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Daniel Fogal
New York University
  1. Which Reasons? Which Rationality?Daniel Fogal & Alex Worsnip - 2021 - Ergo: An Open Access Journal of Philosophy 8.
    The slogan that rationality is about responding to reasons has a turbulent history: once taken for granted; then widely rejected; now enjoying a resurgence. The slogan is made harder to assess by an ever-increasing plethora of distinctions pertaining to reasons and rationality. Here we are occupied with two such distinctions: that between subjective and objective reasons, and that between structural rationality (a.k.a. coherence) and substantive rationality (a.k.a. reasonableness). Our paper has two main aims. The first is to defend dualism about (...)
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  2. Rational Requirements and the Primacy of Pressure.Daniel Fogal - 2020 - Mind 129 (516):1033-1070.
    There are at least two threads in our thought and talk about rationality, both practical and theoretical. In one sense, to be rational is to respond correctly to the reasons one has. Call this substantive rationality. In another sense, to be rational is to be coherent, or to have the right structural relations hold between one’s mental states, independently of whether those attitudes are justified. Call this structural rationality. According to the standard view, structural rationality is associated with a distinctive (...)
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  3. The Metaphysics of Moral Explanations.Daniel Fogal & Olle Risberg - 2020 - Oxford Studies in Metaethics 15.
    It’s commonly held that particular moral facts are explained by ‘natural’ or ‘descriptive’ facts, though there’s disagreement over how such explanations work. We defend the view that general moral principles also play a role in explaining particular moral facts. More specifically, we argue that this view best makes sense of some intuitive data points, including the supervenience of the moral upon the natural. We consider two alternative accounts of the nature and structure of moral principles—’the nomic view’ and ‘moral platonism’—before (...)
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  4. Explaining Normative Reasons.Daniel Fogal & Olle Risberg - 2023 - Noûs 57 (1):51-80.
    In this paper, we present and defend a natural yet novel analysis of normative reasons. According to what we call support-explanationism, for a fact to be a normative reason to φ is for it to explain why there's normative support for φ-ing. We critically consider the two main rival forms of explanationism—ought-explanationism, on which reasons explain facts about ought, and good-explanationism, on which reasons explain facts about goodness—as well as the popular Reasons-First view, which takes the notion of a normative (...)
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  5. Reasons, Reason, and Context.Daniel Fogal - 2016 - In Errol Lord & Barry Maguire (eds.), Weighing Reasons. Oup Usa.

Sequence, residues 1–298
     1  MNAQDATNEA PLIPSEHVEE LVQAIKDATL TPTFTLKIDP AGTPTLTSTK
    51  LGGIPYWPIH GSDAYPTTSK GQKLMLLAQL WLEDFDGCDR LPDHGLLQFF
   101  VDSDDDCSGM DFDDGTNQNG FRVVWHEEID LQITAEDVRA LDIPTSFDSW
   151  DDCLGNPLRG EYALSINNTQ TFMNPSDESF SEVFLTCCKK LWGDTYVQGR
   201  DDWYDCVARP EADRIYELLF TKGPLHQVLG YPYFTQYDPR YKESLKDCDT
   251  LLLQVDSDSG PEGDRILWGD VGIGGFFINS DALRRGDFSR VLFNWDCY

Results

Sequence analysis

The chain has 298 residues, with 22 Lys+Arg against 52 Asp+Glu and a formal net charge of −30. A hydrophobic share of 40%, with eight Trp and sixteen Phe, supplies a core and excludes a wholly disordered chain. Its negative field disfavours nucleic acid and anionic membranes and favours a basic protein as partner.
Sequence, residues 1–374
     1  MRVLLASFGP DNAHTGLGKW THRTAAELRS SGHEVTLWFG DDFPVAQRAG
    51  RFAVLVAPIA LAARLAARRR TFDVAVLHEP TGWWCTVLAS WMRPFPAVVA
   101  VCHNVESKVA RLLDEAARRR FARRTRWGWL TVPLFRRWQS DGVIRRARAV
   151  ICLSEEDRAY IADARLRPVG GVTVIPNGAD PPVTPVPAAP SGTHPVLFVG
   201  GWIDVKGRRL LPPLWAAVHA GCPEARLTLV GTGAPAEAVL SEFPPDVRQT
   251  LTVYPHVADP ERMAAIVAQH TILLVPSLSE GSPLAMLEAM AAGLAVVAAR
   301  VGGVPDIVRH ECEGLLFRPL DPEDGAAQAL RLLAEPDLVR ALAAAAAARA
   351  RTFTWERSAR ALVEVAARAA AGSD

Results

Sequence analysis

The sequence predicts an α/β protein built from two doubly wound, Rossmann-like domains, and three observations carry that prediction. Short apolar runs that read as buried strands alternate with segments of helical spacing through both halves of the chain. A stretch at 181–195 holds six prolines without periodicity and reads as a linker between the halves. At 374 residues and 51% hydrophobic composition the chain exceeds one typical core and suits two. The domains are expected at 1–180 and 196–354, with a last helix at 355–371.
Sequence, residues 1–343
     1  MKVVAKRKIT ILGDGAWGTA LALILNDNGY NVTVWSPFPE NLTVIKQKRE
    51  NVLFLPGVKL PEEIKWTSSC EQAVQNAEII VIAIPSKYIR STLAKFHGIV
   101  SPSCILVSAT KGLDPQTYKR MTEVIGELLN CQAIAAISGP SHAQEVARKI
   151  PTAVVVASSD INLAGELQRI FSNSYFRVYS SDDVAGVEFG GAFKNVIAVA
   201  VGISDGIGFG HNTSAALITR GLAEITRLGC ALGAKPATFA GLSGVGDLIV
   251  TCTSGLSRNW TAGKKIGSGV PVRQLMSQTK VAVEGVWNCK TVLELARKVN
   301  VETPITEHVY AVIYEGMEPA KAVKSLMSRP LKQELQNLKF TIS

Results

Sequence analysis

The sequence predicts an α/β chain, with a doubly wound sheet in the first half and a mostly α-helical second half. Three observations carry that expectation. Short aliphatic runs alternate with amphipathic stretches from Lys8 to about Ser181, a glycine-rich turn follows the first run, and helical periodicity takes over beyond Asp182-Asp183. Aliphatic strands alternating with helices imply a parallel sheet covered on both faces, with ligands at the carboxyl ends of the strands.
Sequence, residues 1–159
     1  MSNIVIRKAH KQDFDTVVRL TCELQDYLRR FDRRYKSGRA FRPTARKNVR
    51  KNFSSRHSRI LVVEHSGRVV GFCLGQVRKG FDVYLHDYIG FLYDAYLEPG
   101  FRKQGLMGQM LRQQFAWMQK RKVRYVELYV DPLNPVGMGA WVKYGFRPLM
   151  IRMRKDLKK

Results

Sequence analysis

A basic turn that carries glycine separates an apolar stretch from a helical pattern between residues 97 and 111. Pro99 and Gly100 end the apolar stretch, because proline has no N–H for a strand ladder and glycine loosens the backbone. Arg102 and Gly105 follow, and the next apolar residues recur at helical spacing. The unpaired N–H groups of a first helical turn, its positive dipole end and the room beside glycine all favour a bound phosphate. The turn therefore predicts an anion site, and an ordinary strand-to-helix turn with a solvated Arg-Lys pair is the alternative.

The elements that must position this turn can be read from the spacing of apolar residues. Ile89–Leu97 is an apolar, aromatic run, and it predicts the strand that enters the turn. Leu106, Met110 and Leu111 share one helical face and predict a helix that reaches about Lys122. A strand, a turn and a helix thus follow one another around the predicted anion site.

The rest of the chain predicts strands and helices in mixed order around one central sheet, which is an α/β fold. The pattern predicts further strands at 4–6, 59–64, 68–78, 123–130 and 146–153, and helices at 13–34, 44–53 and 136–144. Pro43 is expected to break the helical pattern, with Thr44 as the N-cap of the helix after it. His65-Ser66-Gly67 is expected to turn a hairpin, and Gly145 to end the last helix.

This paper explores various subtleties in our ordinary thought and talk about normative reasons—subtleties which, if taken seriously, have various upshots, both substantive and methodological. I focus on two subtleties in particular. The first concerns the use of reason (in its normative sense) as both a count noun and as a mass noun, and the second concerns the context-sensitivity of normative reasons-claims. The more carefully we look at the language of reasons, I argue, the clearer its limitations and liabilities become. (...)
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  6. Speech Acts: The Contemporary Theoretical Landscape.Daniel W. Harris, Daniel Fogal & Matt Moss - 2018 - In Daniel Fogal, Daniel W. Harris & Matt Moss (eds.), New Work on Speech Acts. Oxford University Press.
    What makes it the case that an utterance constitutes an illocutionary act of a given kind? This is the central question of speech-act theory. Answers to it—i.e., theories of speech acts—have proliferated. Our main goal in this chapter is to clarify the logical space into which these different theories fit. -/- We begin, in Section 1, by dividing theories of speech acts into five families, each distinguished from the others by its account of the key ingredients in illocutionary acts. Are (...)
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  7. Ditching Decision-Making Capacity.Daniel Fogal & Ben Schwan - forthcoming - Journal of Medical Ethics.
    Decision-making capacity (DMC) plays an important role in clinical practice—determining, on the basis of a patient’s decisional abilities, whether they are entitled to make their own medical decisions or whether a surrogate must be secured to participate in decisions on their behalf. As a result, it’s critical that we get things right—that our conceptual framework be well-suited to the task of helping practitioners systematically sort through the relevant ethical considerations in a way that reliably and transparently delivers correct verdicts about (...)
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  8. New Work on Speech Acts.Daniel Fogal, Daniel W. Harris & Matt Moss (eds.) - 2018 - Oxford University Press.
    This volume presents new essays by leading figures in speech-act theory, the interdisciplinary study of things we do with words. They range over formal semantics and pragmatics, foundational issues about the nature of linguistic representation, and issues at the intersection of the philosophy of language, ethics, and political philosophy.